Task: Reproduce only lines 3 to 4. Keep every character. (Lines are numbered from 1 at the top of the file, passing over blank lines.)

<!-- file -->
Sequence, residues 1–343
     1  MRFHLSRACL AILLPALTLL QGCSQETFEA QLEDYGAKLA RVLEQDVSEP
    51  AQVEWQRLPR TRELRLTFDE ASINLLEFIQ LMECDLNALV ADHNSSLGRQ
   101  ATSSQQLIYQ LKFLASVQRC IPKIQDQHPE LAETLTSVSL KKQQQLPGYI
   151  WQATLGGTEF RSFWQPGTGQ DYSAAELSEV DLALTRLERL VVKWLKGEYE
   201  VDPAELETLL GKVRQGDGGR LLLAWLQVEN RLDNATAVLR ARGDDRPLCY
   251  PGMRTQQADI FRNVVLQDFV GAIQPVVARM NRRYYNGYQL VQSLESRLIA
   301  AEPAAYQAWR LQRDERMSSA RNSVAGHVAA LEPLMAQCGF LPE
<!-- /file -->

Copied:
    51  AQVEWQRLPR TRELRLTFDE ASINLLEFIQ LMECDLNALV ADHNSSLGRQ
   101  ATSSQQLIYQ LKFLASVQRC IPKIQDQHPE LAETLTSVSL KKQQQLPGYI